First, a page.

Unlimited Results: Breaking Firmware Encryption of ESP32-V3

Conference:  Black Hat USA 2022



The presentation discusses the security features of the ESP32 chip and explores different attack scenarios, including fault injection and side channel attacks, to break the firmware encryption. The speaker also demonstrates a homemade fault injection setup and applies the attack on a hardware wallet.
  • ESP32 chip has secure boot, flash encryption, and OTP for storing secrets and crypto hardware accelerators
  • Ifuse organization has four slots, with block one and block two protected by ifuse protection bits
  • Secure boot uses a public key to encrypt the bootloader and a digest is generated for comparison during power up
  • Flash encryption uses es decryption and key tweak to change the key every 32 bytes
  • Side channel attacks can be used to break the firmware encryption by measuring power consumption during execution of crypto operations
  • A homemade fault injection setup is demonstrated to reproduce limited results using electromagnetic fault injection
  • The attack scenario is applied on a hardware wallet to gain control of the flash content
  • The speaker stresses the importance of leakage detection to localize the ES and reduce evaluation time
The speaker describes how they discovered a new attack path by switching the attack scenario to side channel attacks and targeting the flash decryption. By measuring the power consumption during execution of the crypto operation, they were able to build an offline model to assume all the keys and perform correlation power analysis to attack the flash encryption or decryption key. They also emphasize the need for a high-end oscilloscope to capture power traces during power up and the importance of targeting the bootloader data stored at address 1K in the external flash to gain control of the flash content.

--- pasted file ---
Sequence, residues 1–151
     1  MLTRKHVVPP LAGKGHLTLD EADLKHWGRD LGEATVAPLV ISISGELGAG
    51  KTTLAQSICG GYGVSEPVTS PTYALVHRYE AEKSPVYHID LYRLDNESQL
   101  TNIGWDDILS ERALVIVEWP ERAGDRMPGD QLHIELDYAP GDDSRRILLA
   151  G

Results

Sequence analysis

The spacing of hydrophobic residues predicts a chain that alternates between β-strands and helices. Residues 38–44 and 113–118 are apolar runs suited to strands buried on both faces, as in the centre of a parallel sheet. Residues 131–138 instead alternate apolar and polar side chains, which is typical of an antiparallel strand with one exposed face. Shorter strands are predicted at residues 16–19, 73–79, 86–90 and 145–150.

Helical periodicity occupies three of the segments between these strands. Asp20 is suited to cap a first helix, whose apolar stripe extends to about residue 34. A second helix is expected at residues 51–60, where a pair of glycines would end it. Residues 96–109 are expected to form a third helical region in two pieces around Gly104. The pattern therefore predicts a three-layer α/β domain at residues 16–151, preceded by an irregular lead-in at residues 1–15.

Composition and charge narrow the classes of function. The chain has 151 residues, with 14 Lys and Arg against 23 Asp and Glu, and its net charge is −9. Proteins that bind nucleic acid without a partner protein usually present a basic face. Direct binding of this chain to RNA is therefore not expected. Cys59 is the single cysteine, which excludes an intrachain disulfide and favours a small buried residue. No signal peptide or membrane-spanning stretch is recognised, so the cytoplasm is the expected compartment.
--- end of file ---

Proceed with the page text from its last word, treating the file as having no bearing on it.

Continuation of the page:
ESP32 is one of the most widely used microcontrollers, and is present in hundreds of million devices such as IoT applications, mobile devices, hardware wallets, etc. In 2019, Limited Results published a fault injection attack at Black Hat Europe which resulted in breaking the security of ESP32-V1 chip family. Therefore, Espressif patched this vulnerability and then advised its customers to use ESP32-V3, which is a hardened silicon revision.In this talk, we present an in-depth hardware security evaluation for ESP32-V3. The main goal of this evaluation is to extract the firmware encryption key in order to decrypt the encrypted flash content that may possibly contain secret data.First, we use Fault Injection (FI), using our homemade electromagnetic fault injector, in an attempt to access the flash encryption keys stored in the read-protected eFuses. We show by experimental results that this new silicon revision contains a bootloader protected against these attacks.Therefore, we then explore a different attack path using Side-Channel Attacks (SCAs) on the firmware decryption mechanism, by measuring the information leakage of the firmware decryption operation during the power up. Using this knowledge, we demonstrate that the full 256-bit AES firmware encryption key can be recovered using Side-Channel (SC) analysis in a few hours with a 100% success rate. Finally, as a practical example, we apply our attack to decrypt the contents of a hardware wallet.